"It's as though Earth is playing follow the leader," said Amy Mainzer, the principal investigator of NEOWISE at NASA's Jet Propulsion Laboratory in Pasadena, Calif. "Earth always is chasing this asteroid around."

A handful of other asteroids also have orbits similar to Earth. Such objects could make excellent candidates for future robotic or human exploration. Asteroid 2010 TK7 is not a good target because it travels too far above and below the plane of Earth's orbit, which would require large amounts of fuel to reach it.

"This observation illustrates why NASA's NEO Observation program funded the mission enhancement to process data collected by WISE," said Lindley Johnson, NEOWISE program executive at NASA Headquarters in Washington. "We believed there was great potential to find objects in near-Earth space that had not been seen before."

NEOWISE data on orbits from the hundreds of thousands of asteroids and comets it observed are available through the NASA-funded International Astronomical Union's Minor Planet Center at the Smithsonian Astrophysical Observatory in Cambridge, Mass.

JPL manages and operates WISE for NASA's Science Mission Directorate in Washington. The principal investigator, Edward Wright, is a professor at the University of California, Los Angeles. The mission was selected under NASA's Explorers Program, which is managed by the agency's Goddard Space Flight Center in Greenbelt, Md. The science instrument was built by the Space Dynamics Laboratory in Logan, Utah.

The spacecraft was built by Ball Aerospace & Technologies Corp., Boulder, Colo. Science operations and data processing take place at the Infrared Processing and Analysis Center at the California Institute of Technology in Pasadena. Caltech manages JPL for NASA.

For more WISE information visit: .


Cruithne, Earth's "2nd Moon"

Cruithne is an asteroid that is sometimes referred to as Earth's 2nd moon. While this might be stretching the definition of moon a bit, Cruithne does have a very interesting orbit which is heavily influenced by Earth.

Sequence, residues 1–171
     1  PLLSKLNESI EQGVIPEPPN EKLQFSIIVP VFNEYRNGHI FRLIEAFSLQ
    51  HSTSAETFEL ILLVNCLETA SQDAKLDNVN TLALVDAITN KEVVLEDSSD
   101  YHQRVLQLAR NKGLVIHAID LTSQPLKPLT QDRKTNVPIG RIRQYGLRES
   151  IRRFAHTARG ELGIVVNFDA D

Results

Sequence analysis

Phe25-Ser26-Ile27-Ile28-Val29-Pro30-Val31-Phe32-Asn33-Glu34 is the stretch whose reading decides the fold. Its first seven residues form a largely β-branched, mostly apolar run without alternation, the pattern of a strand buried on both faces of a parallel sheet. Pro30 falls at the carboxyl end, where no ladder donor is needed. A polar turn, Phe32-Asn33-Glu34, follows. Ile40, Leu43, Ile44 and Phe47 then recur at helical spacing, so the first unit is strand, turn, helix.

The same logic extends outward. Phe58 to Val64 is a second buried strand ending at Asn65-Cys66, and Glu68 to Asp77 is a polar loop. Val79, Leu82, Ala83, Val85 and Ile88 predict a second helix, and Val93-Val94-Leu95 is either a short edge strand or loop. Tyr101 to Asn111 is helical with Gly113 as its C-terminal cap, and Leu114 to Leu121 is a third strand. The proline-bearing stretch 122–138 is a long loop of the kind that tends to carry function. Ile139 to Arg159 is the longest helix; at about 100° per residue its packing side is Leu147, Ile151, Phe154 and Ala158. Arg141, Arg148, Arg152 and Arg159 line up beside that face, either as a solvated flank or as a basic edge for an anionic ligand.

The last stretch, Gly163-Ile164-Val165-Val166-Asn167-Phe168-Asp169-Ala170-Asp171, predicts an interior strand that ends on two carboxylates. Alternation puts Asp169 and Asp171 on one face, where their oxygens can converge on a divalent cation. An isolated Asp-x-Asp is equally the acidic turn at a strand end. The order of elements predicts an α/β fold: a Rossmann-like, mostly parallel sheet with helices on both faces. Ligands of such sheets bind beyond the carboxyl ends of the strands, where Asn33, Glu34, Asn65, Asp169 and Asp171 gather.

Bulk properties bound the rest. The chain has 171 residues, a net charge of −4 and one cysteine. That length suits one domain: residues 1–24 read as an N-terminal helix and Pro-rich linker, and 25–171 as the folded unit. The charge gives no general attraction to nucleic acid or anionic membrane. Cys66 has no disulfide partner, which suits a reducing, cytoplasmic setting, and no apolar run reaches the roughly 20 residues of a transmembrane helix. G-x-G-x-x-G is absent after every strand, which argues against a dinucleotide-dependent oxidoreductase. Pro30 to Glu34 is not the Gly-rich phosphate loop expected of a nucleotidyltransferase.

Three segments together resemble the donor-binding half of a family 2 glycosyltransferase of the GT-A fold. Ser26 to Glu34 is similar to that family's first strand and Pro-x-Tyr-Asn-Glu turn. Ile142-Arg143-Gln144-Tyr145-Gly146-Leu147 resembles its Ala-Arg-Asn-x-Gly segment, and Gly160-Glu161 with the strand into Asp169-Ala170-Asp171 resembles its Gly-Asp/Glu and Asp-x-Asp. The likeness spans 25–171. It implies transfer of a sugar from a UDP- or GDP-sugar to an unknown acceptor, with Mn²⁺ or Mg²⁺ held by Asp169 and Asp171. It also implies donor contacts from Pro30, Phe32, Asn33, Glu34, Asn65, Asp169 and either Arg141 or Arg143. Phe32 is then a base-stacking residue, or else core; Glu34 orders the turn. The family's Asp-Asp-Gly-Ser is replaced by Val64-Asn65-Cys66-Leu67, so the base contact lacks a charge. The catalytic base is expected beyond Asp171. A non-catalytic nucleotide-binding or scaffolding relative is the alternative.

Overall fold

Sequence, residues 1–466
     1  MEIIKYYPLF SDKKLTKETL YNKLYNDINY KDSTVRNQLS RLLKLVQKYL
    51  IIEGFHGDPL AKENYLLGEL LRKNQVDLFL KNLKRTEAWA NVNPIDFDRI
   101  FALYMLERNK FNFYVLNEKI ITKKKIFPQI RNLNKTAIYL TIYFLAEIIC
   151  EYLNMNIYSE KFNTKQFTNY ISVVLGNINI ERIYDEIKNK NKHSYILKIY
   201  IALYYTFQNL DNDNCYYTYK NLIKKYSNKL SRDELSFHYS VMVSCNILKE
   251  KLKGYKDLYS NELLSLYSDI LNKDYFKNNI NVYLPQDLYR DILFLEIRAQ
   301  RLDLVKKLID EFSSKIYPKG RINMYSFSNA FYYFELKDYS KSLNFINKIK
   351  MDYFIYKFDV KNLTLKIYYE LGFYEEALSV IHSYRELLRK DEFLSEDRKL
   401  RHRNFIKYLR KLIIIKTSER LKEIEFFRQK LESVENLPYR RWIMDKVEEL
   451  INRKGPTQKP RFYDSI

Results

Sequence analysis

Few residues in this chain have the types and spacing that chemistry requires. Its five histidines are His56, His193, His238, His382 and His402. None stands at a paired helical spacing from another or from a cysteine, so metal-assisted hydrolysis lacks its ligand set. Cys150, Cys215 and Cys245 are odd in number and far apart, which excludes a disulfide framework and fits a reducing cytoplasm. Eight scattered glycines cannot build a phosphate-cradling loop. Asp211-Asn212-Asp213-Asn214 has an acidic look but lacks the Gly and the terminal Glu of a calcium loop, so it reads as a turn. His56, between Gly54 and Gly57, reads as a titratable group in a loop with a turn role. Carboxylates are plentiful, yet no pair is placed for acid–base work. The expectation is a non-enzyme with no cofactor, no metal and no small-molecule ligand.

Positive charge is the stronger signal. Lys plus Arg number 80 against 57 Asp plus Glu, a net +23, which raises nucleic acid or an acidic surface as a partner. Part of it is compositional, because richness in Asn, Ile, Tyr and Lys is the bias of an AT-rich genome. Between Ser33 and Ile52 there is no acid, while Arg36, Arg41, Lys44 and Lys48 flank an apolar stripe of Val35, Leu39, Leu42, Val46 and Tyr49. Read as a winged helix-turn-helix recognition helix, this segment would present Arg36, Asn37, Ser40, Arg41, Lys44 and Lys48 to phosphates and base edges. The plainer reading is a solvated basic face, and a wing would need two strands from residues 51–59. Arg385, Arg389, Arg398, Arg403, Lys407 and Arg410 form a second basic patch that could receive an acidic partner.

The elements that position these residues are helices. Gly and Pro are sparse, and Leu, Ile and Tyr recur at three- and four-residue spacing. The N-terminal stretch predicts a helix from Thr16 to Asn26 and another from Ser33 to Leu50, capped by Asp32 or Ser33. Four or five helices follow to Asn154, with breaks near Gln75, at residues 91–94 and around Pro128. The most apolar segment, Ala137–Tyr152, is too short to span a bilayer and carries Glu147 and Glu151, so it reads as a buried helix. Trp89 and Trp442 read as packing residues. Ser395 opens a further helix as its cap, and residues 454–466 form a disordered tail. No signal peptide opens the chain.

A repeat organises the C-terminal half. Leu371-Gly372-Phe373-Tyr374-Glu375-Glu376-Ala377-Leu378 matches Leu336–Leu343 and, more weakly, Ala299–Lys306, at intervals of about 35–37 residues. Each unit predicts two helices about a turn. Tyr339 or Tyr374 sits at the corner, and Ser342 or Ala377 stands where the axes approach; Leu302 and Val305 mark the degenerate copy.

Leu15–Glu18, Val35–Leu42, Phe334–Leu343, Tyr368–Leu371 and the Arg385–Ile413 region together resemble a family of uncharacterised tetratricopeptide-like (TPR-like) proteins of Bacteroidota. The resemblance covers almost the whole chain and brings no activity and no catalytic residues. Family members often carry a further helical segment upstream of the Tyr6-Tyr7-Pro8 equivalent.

The simulation cruithne.gsim shows Cruithne in a rotating frame. Watch as it orbits the Sun in a kidney bean shape orbit.
The simulation cruithne.gsim shows Cruithne in a rotating frame. Watch as it orbits the Sun in a kidney bean shape orbit. The Earth has a noticable effect on Cruithne's orbit, sometimes repelling it as it gets too close. Cruithne's kidney bean-shaped "orbit" then spends centuries travelling all the way around the Sun, just to meet the Earth from the other side. Earth once again repels the kidney bean-shaped orbit. Cruithne's kidney-bean orbit repeats this process over and over again. 
Starting conditions were obtained using JPL Horizons Ephemeris Computation Service. 
Download cruithne.gsim
(You need to have the program Gravity Simulator installed on your computer first. Click Here to download Gravity Simulator.) 
Cruithne has an orbit that stretches from the orbit of Mercury to beyond the orbit of Mars. But remarkably, Cruithne's period is almost exactly the same as Earth's. This sets the table for some interesting orbital interactions. 
Cruithne's orbit is highly inclined compared to the the orbits of the planets. 
In this simulation the Earth and Moon trace an oval in a rotating frame that matches their solar period. Because the Earth's orbit is slightly elliptical, sometimes it is closer to the Sun than its average distance, and sometimes it is further. When it is closer, it also moves slightly faster in its orbit, causing it to advance slightly from its average position. When it is further from the Sun, it moves slightly slower, causing it to fall behind its average position. This is why the Earth / Moon system traces an oval instead of appearing as a fixed point. 
In 1997, Cruithne's horseshoe orbit caused it to make close encounters with Earth on an annual basis. But Cruithne's kidney bean-shaped orbit is distancing itself from the Earth with each orbit. 
In the year 2110, Cruithne traces its kidney bean-shaped orbit aroundEarth's Lagrange 3 point.  
In the year 2277, Cruithne's kidney bean-shaped orbit encounter Earth. Earth's gravity raises Cruithne's orbit slightly. The higher orbit means Cruithne has a slower speed in its orbit around the Sun. Cruithne begins to retreat from the Earth. Cruithne will return to this point 752 years later in the year 3029. 
Three centuries later, Cruithne's kidney bean-shaped "orbit" approached Earth from the other direction, and the leading edge advanced past Earth. Because of Cruithne's inclination, the asteroid was well below Earth at the time. Out of Earth's gravitational grasp, the asteroid's kidney bean-shaped "orbit" continued to march clockwise. 
In the year 2647 the trailing edge of Cruithne's kidney bean-shaped "orbit" approached the Earth. This time, Cruithne's inclination was not sufficient to keep Cruithne a safe distance from Earth's gravitational grasp. Earth's gravity slowed the asteroid down. But the slowdown was only temporary. It actually caused Cruithne to drop into a faster orbit. Once again, its kidney bean-shaped "orbit" reversed direction.


James Webb Space Telescope by NASA - a Hubble Successor


WEBB, the James Webb Space Telescope (sometimes called JWST) will be a large infrared telescope with a 6.5-meter primary mirror.